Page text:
In the 21st century, the cancer incidence rate remains alarmingly high, causing additional stress on communities. Among its varieties, colorectal cancer is one of the most serious issues due to its high mortality and associated complications. As identified earlier, the problem is particularly topical among older adults, as most cases belong to the age category of 60-75 for all genders. Without urgent care, colorectal cancer shortly develops metastases that are found in one-third of all patients, leading to a negative prognosis. In this regard, it is imperative to design new interventions against this condition that are based on solid evidence from clinical practice. It is common knowledge that prevention is better than cure. In the case of cancer, the early stages of the disease are more susceptible to treatment and full recovery, but they are difficult to identify in time. Accordingly, most effective interventions are expected to revolve around the early identification of the condition.
This topic is highly present in the contemporary clinical and academic knowledge body. Lauby-Secretan et al. (2018) refer to the statistics, indicating that colorectal cancer accounts for 10% of the global oncology incidence. The mortality is affected by such variables as household income and the stage of diagnostics. Rawla et al. (2019) elaborate on the topic, adding that colorectal cancer is currently the third leading cancer in the world in terms of mortality. Accordingly, the medical community has been designing new interventions against the spread of this disease. Interestingly, most of them aim at early screening and identification of cancer in order to instill full remission during the first stages of its development (Araghi et al., 2019). Therefore, the planned intervention is to be prepared in light of this target.
Screening is an essential component of timely cancer identification and treatment. According to Ladabaum et al. (2020), while colorectal cancer is increasingly lethal in advanced stages, it is also susceptible to treatment during the earlier ones. They also discuss the importance of using new technology in colorectal screening. However, these advancements will be of limited use unless community members reciprocate by increased screening engagement. Evidently, it is associated with highly delicate, often uncomfortable procedures that most people tend to avoid unless there are serious concerns (Cardoso et al., 2021). Walter et al. (2021) argue in favor of modern technological tools that promote colorectal cancer education among adults and older adults. Informing people about the importance of screening and timely prevention is an essential step toward alleviating this pressing concern.
The proposed intervention aims to raise public awareness regarding the importance of colorectal screening, especially among older adults. As per the literary findings, this program will incorporate modern technology in the form of educational websites and mobile applications. Indeed, the elderly may not be active users of digital platforms, but their children are. Having received key information regarding the benefits of regular check-ups, family members will affect the decision-making of elderly patients through their personal influence. Lewin’s change theory will be the core guideline for implementing this plan.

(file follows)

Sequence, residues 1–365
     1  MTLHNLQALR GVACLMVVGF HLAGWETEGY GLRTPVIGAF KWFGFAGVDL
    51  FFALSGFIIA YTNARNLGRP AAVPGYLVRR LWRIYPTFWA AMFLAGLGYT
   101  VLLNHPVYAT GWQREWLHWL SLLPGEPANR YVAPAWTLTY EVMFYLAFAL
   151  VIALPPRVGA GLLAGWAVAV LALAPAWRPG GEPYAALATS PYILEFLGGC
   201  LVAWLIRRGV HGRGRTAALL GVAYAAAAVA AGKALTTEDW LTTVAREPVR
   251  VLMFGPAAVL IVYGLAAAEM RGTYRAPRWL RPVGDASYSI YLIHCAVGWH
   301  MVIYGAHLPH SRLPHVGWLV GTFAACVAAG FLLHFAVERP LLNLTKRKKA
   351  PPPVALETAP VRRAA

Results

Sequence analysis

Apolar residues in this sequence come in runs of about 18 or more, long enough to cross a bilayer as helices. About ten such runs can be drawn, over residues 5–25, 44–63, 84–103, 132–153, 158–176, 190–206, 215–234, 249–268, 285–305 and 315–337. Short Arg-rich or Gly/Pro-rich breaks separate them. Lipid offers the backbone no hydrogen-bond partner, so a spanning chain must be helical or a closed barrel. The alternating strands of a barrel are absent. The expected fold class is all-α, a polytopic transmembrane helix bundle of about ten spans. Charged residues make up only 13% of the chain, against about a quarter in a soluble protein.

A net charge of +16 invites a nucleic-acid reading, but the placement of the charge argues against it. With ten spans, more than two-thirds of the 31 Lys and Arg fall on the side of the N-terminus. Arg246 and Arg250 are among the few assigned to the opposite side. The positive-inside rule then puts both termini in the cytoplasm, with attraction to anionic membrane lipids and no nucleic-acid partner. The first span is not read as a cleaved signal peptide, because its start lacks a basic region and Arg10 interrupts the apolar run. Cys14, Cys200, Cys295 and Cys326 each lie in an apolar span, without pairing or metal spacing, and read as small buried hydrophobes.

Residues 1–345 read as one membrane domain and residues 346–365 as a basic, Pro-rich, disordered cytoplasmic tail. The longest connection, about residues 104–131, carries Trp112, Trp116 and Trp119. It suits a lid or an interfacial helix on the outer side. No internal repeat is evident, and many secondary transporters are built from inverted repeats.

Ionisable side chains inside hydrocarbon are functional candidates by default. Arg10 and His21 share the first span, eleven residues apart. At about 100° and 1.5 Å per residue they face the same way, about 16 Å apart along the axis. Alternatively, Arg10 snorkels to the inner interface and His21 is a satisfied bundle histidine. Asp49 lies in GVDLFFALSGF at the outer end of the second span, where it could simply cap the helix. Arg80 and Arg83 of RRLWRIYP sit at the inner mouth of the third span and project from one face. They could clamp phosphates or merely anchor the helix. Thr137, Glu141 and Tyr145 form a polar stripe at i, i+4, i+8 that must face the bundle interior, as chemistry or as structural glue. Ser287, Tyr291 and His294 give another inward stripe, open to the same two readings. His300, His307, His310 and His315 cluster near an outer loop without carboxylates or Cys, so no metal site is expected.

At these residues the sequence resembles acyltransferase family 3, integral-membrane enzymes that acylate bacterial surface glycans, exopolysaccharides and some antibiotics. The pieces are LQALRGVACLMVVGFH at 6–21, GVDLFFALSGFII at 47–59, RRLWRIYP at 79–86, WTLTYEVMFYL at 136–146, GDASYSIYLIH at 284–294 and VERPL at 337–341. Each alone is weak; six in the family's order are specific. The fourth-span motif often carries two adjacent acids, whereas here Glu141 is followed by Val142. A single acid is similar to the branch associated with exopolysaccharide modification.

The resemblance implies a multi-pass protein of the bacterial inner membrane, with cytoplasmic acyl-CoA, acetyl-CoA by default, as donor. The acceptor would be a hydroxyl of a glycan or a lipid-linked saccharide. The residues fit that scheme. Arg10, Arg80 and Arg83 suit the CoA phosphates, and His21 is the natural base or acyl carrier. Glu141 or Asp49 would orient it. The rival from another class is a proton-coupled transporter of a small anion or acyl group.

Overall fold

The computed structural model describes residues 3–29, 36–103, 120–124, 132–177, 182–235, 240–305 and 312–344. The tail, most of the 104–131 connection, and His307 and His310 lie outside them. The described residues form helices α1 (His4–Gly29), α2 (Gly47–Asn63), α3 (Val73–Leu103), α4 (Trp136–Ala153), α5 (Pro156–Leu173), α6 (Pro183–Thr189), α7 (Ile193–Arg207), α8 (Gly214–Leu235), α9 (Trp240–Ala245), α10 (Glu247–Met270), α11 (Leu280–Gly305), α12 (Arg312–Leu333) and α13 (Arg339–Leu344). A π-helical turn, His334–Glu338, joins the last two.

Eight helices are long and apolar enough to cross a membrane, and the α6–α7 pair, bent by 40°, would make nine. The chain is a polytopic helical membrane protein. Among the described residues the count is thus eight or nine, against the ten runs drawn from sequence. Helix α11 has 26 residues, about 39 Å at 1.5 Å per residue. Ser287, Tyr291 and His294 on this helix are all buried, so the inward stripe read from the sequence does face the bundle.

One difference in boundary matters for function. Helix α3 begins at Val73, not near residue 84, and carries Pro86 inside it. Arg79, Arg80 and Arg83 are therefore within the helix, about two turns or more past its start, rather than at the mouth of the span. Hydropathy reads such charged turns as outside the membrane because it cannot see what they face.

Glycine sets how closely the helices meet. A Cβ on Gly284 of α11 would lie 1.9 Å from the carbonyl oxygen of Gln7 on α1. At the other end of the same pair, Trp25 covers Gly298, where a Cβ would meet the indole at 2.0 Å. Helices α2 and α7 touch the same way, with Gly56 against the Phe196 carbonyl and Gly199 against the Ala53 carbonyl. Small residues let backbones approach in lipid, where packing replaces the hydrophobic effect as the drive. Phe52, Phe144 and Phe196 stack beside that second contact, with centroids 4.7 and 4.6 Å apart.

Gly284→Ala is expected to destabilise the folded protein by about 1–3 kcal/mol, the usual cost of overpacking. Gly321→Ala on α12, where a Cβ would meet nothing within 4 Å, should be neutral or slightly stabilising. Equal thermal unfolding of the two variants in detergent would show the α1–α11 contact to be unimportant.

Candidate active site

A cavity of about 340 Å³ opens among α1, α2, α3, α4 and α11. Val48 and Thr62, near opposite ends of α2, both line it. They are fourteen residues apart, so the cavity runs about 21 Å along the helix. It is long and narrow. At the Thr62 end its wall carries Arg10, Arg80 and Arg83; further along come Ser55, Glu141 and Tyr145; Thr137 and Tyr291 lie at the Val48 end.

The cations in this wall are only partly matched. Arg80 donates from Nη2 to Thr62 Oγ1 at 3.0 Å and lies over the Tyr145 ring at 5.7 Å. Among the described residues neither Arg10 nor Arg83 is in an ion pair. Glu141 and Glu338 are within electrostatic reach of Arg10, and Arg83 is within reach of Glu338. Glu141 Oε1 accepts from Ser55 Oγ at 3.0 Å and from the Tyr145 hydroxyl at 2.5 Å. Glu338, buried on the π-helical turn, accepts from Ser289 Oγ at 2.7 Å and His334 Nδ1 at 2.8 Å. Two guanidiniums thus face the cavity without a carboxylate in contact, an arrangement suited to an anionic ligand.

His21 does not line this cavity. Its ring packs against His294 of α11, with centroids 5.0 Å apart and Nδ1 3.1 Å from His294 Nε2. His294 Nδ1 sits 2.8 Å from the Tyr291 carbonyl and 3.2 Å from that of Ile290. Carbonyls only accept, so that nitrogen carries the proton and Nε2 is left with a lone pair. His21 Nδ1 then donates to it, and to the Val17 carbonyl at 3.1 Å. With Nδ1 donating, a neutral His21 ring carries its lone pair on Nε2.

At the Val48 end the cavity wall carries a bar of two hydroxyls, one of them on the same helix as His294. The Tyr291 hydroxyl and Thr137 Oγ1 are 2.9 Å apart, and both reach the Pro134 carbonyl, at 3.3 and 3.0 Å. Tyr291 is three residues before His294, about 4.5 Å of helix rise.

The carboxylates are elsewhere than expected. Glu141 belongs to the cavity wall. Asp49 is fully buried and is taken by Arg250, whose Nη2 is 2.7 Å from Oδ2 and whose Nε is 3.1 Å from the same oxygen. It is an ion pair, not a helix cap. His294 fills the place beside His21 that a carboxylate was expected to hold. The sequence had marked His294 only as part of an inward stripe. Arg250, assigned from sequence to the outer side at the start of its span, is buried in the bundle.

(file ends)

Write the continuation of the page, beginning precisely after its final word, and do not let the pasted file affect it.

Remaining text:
In order to combat the lack of engagement, the information will be presented in a lighter with a variety of visuals and easy language. The lightness of the material will not affect its informativeness, as they will rely on solid academic data and clinical expertise of the past five years to incorporate up-to-date knowledge. The implementation of the outreach program will be evaluated as per the growth of elderly patients who address the organization for a colorectal examination. The secondary metric will include the decrease in 5-year colorectal cancer mortality.
Araghi, M., Soerjomataram, I., Bardot, A., Ferlay, J., Cabasag, C. J., Morrison, D. S., De, P., Tervonen, H., Walsh, P. M., Bucher, O., Engholm, G., Jackson, C., McClure, C., Woods, R. R., Saint-Jacques, N., Morgan, E., Ransom, D., Thursfield, V., … & Arnold, M. (2019). Changes in colorectal cancer incidence in seven high-income countries: A population-based study. The Lancet: Gastroenterology & Hepatology, 4(7), 511–518. Web.
Cardoso, R., Guo, F., Heisser, T., Hackl, M., Ihle, P., De Schutter, H., Van Damme, N., Valerianova, Z., Atanasov, T., Majek, O., Muzik, J., Nilbert, C., Tyjberg, A. J., Innos, K., Magi, M., Malila, N., Bouvier, A. M., Bouvier, V., … & Brenner, H. (2021). Colorectal cancer incidence, mortality, and stage distribution in European countries in the colorectal cancer screening era: An international population-based study. Oncology, 22(7), 1002–1013. Web.
Ladabaum, U., Dominitz, J. A., Kahi, C., & Schoen, R. E. (2020). Strategies for Colorectal Cancer Screening. Gastroenterology, 158(2), 418–432. Web.
Lauby-Secretan, B., Vilahur, N., Bianchini, F., Guha, N., & Straif, K. (2018). The IARC perspective on colorectal cancer screening. The New England Journal of Medicine, 378, 1734–1740.
Rawla, P., Sunkara, T., & Barsouk, A. (2019). Epidemiology of colorectal cancer: incidence, mortality, survival, and risk factors. Przeglad Gastroenetrologiczny, 14(2), 89–103. Web.
Walter, B., Frank, R., Ludwig, L., Dikopoulos, N., Mayr, M., Neu, B., Mayer, B., Hann, A., Meier, B., Caca, K., Seufferlein, T., & Meining, A. (2021). Smartphone application to reinforce education increase high-quality preparation for colorectal cancer screening colonoscopies in a randomized trial. Clinical Gastroenterology and Hepatology, 19(2), 331–338. Web.